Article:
As $A\subset B,B\in C$ but $A\notin C$

iii. If $A\subset B\text{ and }B\subset C,thenA\subset C$

Ans:

$A\subset B\text{ and }B\subset C,thenA\subset C$

To determine whether the statement is true

The given statement is true.

Let $A\subset B,B\subset C$

Let $x\in A$

$x\in B$so $A\subset B$

$x\in C$so $B\subset C$

iv. If $A\not\subset B\text{ and }B\not\subset C,thenA\not\subset C$

Ans: $A\not\subset B\text{ and }B\not\subset C,thenA\not\subset C$

To determine whether the statement is true

The given statement is false

Let $A=\left\{ 1,2 \right\},B=\left\{ 0,6,8 \right\},C=\left\{ 0,1,2,6,9 \right\}$

Now by the statement,

$A\not\subset B\text{ and }B\not\subset C$

But $A\subset C$

v. If $x\in A\text{ and A}\not\subset \text{B, then x}\in \text{B}$

Ans: $x\in A\text{ and A}\not\subset \text{B, then x}\in \text{B}$

To determine whether the statement is true

The given statement is false

Let $A=\left\{ 3,5,7 \right\},B=\left\{ 3,4,6 \right\}$

Now, $5\in A$ and $A\not\subset B$

But $5\notin B$

vi. If $\text{A}\subset \text{B and x}\notin \text{B, then x}\notin \text{A}$

Ans: $\text{A}\subset \text{B and x}\notin \text{B, then x}\notin \text{A}$

To determine whether the statement is true

The given statement is true

Let $A\subset B$ and $x\notin B$

To show that $x\notin A$

Suppose $x\in A$

Then $x\in B$ which is a contradiction

$\therefore x\notin A$

3. Let $A,B$ and $C$ be the set such that $A\cup B=A\cup C$ and $A\cap B=A\cap C$. Show that $B=C$

Ans: To show that $B=C$

Let $x\in B$

$x\in A\cup B$ since $\left[ B\subset A\cup B \right]$

$x\in A\cup C$ since $\left[ A\cup B=A\cup C \right]$

$x\in A\text{ or }\in \text{C}$

Case I:

Also $x\in B$

$x\in A\cap B$ since $\left[ B\subset A\cap B \right]$

$x\in A\cap C$ since $\left[ A\cap B=A\cap C \right]$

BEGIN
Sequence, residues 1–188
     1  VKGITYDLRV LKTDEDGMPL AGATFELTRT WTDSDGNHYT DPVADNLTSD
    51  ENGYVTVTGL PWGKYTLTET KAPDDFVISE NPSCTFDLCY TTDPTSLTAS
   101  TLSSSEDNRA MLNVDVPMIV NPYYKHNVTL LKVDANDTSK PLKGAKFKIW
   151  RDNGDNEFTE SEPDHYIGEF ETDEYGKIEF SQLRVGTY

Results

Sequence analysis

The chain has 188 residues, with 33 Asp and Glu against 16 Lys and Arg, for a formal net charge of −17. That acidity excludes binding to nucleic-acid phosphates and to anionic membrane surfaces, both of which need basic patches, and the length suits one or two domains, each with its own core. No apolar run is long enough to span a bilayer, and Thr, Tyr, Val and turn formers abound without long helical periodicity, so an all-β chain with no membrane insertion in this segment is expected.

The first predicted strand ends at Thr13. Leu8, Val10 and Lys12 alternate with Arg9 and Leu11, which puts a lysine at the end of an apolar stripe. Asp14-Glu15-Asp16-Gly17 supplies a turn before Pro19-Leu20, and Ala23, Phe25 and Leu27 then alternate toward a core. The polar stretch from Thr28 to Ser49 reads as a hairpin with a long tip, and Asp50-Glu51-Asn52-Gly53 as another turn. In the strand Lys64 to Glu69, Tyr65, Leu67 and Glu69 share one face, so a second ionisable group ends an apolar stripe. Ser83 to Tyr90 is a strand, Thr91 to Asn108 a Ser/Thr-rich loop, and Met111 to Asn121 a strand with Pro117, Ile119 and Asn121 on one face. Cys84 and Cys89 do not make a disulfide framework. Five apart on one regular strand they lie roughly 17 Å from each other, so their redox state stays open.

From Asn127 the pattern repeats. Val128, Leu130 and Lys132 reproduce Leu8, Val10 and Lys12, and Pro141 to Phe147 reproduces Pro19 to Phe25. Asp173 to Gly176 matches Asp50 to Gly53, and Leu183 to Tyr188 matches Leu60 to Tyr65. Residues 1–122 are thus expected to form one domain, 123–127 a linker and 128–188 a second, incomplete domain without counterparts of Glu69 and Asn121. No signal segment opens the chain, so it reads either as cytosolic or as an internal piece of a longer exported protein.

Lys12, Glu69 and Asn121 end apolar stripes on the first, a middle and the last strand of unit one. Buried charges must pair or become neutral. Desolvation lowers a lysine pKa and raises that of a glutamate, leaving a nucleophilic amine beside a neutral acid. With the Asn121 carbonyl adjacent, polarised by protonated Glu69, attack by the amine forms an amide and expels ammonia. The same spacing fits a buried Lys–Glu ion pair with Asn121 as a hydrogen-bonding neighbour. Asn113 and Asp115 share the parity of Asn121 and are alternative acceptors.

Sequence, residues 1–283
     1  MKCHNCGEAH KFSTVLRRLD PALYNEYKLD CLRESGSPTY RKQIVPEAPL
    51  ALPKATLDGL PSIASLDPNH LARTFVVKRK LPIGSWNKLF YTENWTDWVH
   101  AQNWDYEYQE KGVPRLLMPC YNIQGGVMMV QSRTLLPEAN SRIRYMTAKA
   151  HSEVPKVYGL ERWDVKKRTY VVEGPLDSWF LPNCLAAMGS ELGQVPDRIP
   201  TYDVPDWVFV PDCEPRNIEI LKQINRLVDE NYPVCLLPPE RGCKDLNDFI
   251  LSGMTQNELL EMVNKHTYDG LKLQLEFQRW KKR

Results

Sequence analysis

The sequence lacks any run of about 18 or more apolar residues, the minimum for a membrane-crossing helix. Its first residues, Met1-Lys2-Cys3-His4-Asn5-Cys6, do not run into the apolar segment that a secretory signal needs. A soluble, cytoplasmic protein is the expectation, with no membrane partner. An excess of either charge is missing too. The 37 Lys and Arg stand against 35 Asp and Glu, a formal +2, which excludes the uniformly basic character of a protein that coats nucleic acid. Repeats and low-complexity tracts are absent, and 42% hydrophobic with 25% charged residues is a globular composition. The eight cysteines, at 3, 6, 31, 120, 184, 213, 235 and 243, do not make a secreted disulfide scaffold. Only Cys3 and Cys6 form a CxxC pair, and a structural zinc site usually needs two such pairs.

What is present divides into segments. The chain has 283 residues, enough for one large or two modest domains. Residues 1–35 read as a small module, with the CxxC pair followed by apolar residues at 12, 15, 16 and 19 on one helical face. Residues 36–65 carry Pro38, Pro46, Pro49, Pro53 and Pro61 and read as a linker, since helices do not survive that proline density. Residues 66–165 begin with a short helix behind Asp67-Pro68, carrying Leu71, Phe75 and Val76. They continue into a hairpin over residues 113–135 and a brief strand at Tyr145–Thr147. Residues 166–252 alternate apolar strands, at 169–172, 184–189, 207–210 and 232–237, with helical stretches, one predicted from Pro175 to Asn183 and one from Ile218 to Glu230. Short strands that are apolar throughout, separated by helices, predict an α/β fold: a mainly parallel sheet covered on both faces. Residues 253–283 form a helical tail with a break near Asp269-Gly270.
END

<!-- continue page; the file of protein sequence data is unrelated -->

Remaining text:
$x\in A\text{ or x}\in \text{C}$

$\therefore x\in C$

$\therefore B\subset C$

Similarly, we can show that $C\subset B$

$\therefore$It has been proved that $B=C$

4. Show that the following four conditions are equivalent:

i. $A\subset B$

ii. $A-B=\varnothing$

iii. $A\cup B=B$

iv. $A\cap B=A$

Ans: To show that the above four conditions are equivalent

First showing that,

(i)⬄(ii),

Let $A\subset B$

To show,

$A-B=\varnothing$

If possible, suppose,

$A-B\ne \varnothing$

This means that there exist $x\in A,x\notin B$, which is impossible as $A\subset B$

$\therefore A-B=\varnothing$

$A\subset B$=> $A-B=\varnothing$

Let $A-B=\varnothing$

To show that,

$A\subset B$

Let $x\in B$ since if $x\notin B,$ then $A-B\ne \varnothing$

$\therefore$  $A-B=\varnothing$ => $A\subset B$

$\therefore$(i)⬄ (iii)

Let $A\subset B$

To show $A\cup B=B$

Clearly$B\subset A\cup B$

Let $x\in A\cup B$

$x\in A$ or $x\in B$

Case I:

$x\in A$

So that $x\in B$

$\therefore A\cup B\subset B$

Case II:

$x\in B$

Then $A\cup B=B$

Conversely let $A\cup B=B$

Let $x\in A$

$x\in A\cup B$ since $\left[ A\subset A\cup B \right]$

$x\in B$ since $A\cup B=B$

$\therefore A\subset B$

Hence (i) ⬄ (iii)

Now we have to show that (i) ⬄ (iv)

Let $A\subset B$

$A\cap B\subset A$

Let $x\in A$

We have to show that $x\in A\cap B$